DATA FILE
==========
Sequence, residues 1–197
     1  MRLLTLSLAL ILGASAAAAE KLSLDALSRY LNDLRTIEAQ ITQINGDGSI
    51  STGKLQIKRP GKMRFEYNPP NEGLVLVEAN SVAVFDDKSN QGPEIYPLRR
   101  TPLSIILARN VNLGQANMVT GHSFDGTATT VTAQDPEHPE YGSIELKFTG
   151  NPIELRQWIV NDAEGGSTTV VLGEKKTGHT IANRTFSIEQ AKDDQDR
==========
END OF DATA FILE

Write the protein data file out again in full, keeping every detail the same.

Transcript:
Sequence, residues 1–197
     1  MRLLTLSLAL ILGASAAAAE KLSLDALSRY LNDLRTIEAQ ITQINGDGSI
    51  STGKLQIKRP GKMRFEYNPP NEGLVLVEAN SVAVFDDKSN QGPEIYPLRR
   101  TPLSIILARN VNLGQANMVT GHSFDGTATT VTAQDPEHPE YGSIELKFTG
   151  NPIELRQWIV NDAEGGSTTV VLGEKKTGHT IANRTFSIEQ AKDDQDR